Monkeypox in Children: Symptoms, Treatment, and Prevention
Can children get monkeypox? Can teenagers get monkeypox? Treatment, symptoms, and prevention.
Monkeypox is a rare disease caused by the monkeypox virus. While it is not common for children and adolescents to contract monkeypox, there are certain groups of young people who may be at increased risk, such as those with immunocompromising conditions or skin conditions like eczema. In this blog post, we will explore the symptoms, treatment, and prevention of monkeypox in children and adolescents.
Symptoms of Monkeypox in Children and Adolescents
The most common symptom of monkeypox is a rash. This rash can look similar to other rashes, like chickenpox or hand, foot, and mouth disease. The rash starts as maculopapular lesions and then progresses to vesicles, pustules, and scabs. Other symptoms of monkeypox can include fever, lymphadenopathy, fatigue, and headache. However, these symptoms are not always present.
How Monkeypox Spreads
Monkeypox is spread through close, personal, often skin-to-skin contact, including direct contact with the rash or scabs from a person with monkeypox. It can also be spread by touching objects, fabrics, and surfaces that have been used by someone with monkeypox. Unlike some other rashes, monkeypox remains contagious until the scabs fall off and new skin has formed.
Scientists are still studying whether the monkeypox virus can be spread in asymptomatic but infected individuals or through body fluids such as semen, vaginal fluids, urine, and feces. Monkeypox is not believed to spread through casual conversations with an infected individual but rather through close contact, which can include sexual encounters.
Testing for Monkeypox in Children and Adolescents
If a child or adolescent has a suspicious rash, pediatricians and other pediatric clinicians should test their patients, especially if there is a history of close, personal contact with someone who is a confirmed or probable case or travel that puts them at risk. Testing is available through state public health authorities and at some commercial labs. Requirements for specimen collection and shipping may differ by laboratory, and clinicians should confirm requirements before obtaining a sample from the skin lesions.
Treatment for Monkeypox in Children and Adolescents
Treatment is available for monkeypox, particularly for those who have severe disease or are at risk for severe monkeypox disease. Tecovirimat is the first-line treatment and is being used under an investigational protocol. The CDC recently streamlined the process to obtain it. It is available in both oral and intravenous forms.
Monkeypox Prevention in Children and Adolescents
Monkeypox can be prevented through the following measures:
- Good hand hygiene: Wash hands often with soap and water for at least 20 seconds, especially after being in contact with someone who has monkeypox or items that may have been contaminated with the virus.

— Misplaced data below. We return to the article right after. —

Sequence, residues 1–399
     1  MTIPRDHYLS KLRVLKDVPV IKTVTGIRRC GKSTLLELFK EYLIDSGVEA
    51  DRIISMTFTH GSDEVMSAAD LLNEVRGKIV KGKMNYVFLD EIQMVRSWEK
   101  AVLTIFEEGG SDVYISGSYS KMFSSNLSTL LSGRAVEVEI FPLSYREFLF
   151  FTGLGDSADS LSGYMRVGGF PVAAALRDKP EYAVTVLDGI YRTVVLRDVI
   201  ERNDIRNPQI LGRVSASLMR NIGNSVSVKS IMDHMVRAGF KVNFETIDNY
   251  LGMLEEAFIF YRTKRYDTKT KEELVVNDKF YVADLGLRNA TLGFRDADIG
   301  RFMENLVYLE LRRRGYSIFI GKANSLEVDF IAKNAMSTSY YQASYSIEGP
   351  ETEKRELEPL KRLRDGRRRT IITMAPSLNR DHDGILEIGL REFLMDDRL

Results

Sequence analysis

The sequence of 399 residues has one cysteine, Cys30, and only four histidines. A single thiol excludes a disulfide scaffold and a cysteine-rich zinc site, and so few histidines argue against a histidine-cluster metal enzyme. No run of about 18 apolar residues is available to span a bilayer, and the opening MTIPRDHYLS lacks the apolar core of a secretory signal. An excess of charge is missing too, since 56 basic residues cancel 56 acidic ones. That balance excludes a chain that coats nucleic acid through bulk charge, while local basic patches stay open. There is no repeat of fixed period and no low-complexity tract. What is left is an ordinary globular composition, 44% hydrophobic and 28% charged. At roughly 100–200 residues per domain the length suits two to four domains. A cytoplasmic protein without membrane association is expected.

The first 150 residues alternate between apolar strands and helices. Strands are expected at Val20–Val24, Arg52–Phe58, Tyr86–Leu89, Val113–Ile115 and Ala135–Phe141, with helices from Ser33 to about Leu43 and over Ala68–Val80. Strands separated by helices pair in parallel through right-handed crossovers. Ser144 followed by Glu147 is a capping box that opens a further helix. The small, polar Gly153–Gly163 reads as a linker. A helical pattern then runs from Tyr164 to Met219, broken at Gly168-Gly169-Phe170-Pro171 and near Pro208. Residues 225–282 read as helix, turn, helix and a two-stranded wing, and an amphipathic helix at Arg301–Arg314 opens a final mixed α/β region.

- Avoiding close contact: Do not touch or have close contact with someone who has monkeypox, including sexual contact.
- Covering skin lesions: Individuals with monkeypox should cover their skin lesions.
- Avoiding scratching: Parents/caregivers should encourage their children to avoid scratching their skin lesions and touching their eyes.
- Avoiding contact with others: Individuals with monkeypox should avoid contact with other people and pets. If possible, one person should be the caregiver of a child with monkeypox and should avoid skin-to-skin contact with the rash.
- Wearing a mask: Children who are at least 2 years of age who have monkeypox should wear a well-fitting mask when interacting with a caregiver, and the caregiver should wear a respirator or well-fitting mask and gloves when skin contact with the child may occur, and when handling bandages or clothing.
- Isolation: Children and young adults can be kept isolated to reduce the chance of catching mpox (monkeypox).
In addition, the JYNNEOS vaccine can be given as post-exposure prophylaxis to individuals who have been exposed to mpox. It is important to discuss the use of the vaccine with the state or local health department.
Monkeypox is a rare disease that can affect children and adolescents. While the risk of infection is low, certain groups, such as infants, young children, those with eczema and other skin conditions, and those with immunocompromising conditions may be at increased risk for severe disease. Symptoms of mpox in children and adolescents can be similar to other rashes, but testing should be considered if there is a history of close contact with an infected individual or travel that puts them at risk.
There is treatment available for severe mpox disease, and a vaccine is available for post-exposure prophylaxis. However, the best way to prevent mpox is to practice good hygiene, avoid contact with infected individuals, and cover skin lesions to prevent spreading the disease.
Pediatricians and other pediatric clinicians play an important role in identifying and managing cases of mpox in children and adolescents. By following the appropriate precautions and recommendations, we can help prevent the spread of mpox and protect the health of our patients and communities.